It’s all Greek to him

March 3, 2014

Greece match critical in shaping Hong Myung-bo’s World Cup lineup

Korean manager Hong Myung-bo has yet to decide on his No. 1 striker. (Yonhap)

Korean manager Hong Myung-bo has yet to decide on his No. 1 striker. (Yonhap)

By Kim Tong-hyung

With the World Cup less than 100 days away, Korea manager Hong Myung-bo has arrived at perhaps the most critical moment in preparation.

Korea’s friendly against Greece in Athens on Wednesday 9 a.m. PST will be its final tune-up match before the World Cup opener against Russia in June, representing the last opportunity for fringe players to impress Hong and make his roster for Brazil, which will be announced in May. But in terms of legit options, Hong’s cupboard is looking rather bare.

The Korea Football Association’s decision to name Hong as the new coach after last year’s final qualification round was a bold move argued as a necessity. It was clear the team wasn’t going anywhere under the leadership of the likable but limited Choi Kang-hee, who somehow led Korea to a World Cup berth without convincing anyone it deserved it.

Eight months into Hong’s reign, however, the Taeguk Warriors continue to be stuck on the treadmill of mediocrity. Since the coaching change, the team has scored 13 goals and conceded 17 in 13 matches, displaying a variety of problems highlighted by an alarming lack of firepower.

Hong, who describes his World Cup roster as ”80 percent complete,’’ is in desperate search of improvement. It remains unclear where this will come from if it does.

Park Ji-sung, the country’s top footballer of the past 20 years, has made it clear he isn’t walking through that door. Park Chu-young, who started for Korea’s World Cup teams in 2006 and 2010, has walked through that door, but as a diminished player toiling on the benches of second-division English football.

The uncomfortable truth is that Hong probably has the country’s best, available players already in place. And best will be something short of good if the team doesn’t start playing better than the sum of its parts.

The Greece match is planned as a full-dress rehearsal for Korea with Hong summoning Europe-based players such as Lee Chung-yong (Bolton Wanderers), Son Heung-min (Bayer Leverkusen), Ki Sung-yeung (Sunderland), Koo Ja-cheol (FSV Mainz) and Hong Jeong-ho (Augusburg), who are expected to be his core players in Brazil.

Park Chu-young, now with Watford in England’s Championship league, will compete with towering Ulsan Hyundai striker Kim Shin-wook for minutes at the forward position.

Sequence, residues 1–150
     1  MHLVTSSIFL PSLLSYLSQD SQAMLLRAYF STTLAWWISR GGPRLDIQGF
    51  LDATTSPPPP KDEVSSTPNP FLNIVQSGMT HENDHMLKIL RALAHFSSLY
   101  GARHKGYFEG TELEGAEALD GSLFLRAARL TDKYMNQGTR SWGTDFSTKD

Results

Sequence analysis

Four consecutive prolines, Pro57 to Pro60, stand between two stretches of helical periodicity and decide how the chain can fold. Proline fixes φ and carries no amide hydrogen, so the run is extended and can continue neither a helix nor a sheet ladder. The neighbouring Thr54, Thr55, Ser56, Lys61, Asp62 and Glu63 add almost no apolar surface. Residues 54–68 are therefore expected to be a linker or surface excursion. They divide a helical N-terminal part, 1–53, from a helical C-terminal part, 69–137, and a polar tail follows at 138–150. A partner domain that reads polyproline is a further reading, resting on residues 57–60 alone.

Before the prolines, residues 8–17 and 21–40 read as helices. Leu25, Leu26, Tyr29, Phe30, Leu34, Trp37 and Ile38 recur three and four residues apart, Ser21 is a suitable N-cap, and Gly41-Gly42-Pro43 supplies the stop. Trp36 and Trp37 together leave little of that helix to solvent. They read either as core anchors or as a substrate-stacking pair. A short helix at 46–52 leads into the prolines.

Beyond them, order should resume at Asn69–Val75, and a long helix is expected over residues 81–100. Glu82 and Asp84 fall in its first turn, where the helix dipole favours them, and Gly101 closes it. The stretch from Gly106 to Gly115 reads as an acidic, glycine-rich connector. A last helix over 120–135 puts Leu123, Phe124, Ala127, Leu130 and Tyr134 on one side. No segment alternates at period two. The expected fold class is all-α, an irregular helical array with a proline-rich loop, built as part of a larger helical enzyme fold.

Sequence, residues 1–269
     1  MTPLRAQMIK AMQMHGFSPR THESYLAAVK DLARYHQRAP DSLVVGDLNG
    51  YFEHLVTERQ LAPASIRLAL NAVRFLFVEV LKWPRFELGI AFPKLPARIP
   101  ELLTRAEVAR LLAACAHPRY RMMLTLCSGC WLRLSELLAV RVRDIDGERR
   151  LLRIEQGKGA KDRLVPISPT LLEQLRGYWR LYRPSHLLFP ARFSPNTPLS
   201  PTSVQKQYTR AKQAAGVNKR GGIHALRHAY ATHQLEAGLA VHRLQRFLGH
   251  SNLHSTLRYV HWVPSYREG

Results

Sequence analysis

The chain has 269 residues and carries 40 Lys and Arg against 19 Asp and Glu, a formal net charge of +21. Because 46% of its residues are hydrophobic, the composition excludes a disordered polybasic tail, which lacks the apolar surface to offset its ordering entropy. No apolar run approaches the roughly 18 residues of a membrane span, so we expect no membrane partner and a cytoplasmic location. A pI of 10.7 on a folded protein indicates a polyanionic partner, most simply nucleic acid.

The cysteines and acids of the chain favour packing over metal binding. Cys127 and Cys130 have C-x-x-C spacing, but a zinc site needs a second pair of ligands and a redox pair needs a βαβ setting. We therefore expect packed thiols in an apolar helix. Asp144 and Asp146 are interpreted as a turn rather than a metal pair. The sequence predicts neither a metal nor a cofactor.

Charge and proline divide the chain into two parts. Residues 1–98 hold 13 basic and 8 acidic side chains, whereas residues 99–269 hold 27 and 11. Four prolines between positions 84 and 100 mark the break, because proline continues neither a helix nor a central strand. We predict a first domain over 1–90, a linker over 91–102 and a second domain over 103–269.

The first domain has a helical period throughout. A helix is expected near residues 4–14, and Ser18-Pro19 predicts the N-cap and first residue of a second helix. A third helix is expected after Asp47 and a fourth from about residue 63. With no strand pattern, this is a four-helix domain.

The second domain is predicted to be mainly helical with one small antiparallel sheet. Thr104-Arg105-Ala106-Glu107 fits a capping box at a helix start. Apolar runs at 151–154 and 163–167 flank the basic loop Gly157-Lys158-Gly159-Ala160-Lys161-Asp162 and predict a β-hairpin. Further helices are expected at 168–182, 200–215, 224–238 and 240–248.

A passionate advocate of defense-minded football, Hong appears to have settled on a backline anchored by defenders Hong Jeong-ho and Kim Young-gwon and protected by a central-midfield axis of Ki and Han Kook-young. Injuries to Cha Du-ri and Hwang Seok-ho have opened an opportunity for Park Jin-po at fullback.

”The Greece match will be the last opportunity to test the players before I settle on the final roster for Brazil. The outcome of the game obviously isn’t as important as the process,’’ Hong told reporters at Incheon International Airport on Sunday before leaving for Athens.

”While Greece plays a different style of football than the Russians, I think they will provide a good simulation as the players have good size. We have trained hard for the World Cup and I expect players to show what they are truly capable of in the match.’’

Hong said that he has yet to decide on his starters in a number of positions, including right fullback and goalkeeper, where veteran Jung Sung-ryong is facing competition from Kim Seung-ryong.

”I think opportunities are open at every position. This will require the coaching staff to be wiser in managing competitions between players and responding to injuries,’’ he said.

It remains to be seen whether Park Chu-young, who represented Korea on the 2006 and 2010 World Cup teams, can provide a glimmer of hope in solving Hong’s scoring woes.

While it’s clear the world has already seen the best of Park, his passport says he is only 28. If he can prove he’s anywhere close to his prime, Park could be argued as a better option than Kim Shin-wook and Lee Keun-ho who have been getting most minutes at the forward position under Hong. But that is quite a big “if.’’

During his better days, Park showed a nose for the net and an uncanny ability to win balls in the air and hold them until support arrived. He also displayed good chemistry with Europe-based players such as Son, Lee Chung-yong and Ki.

Against Greece, expect Park to show an urgency to prove his worth under the media microscope.

At the World Cup finals in Brazil, Korea has been grouped with Belgium, Algeria and Russia in Group H.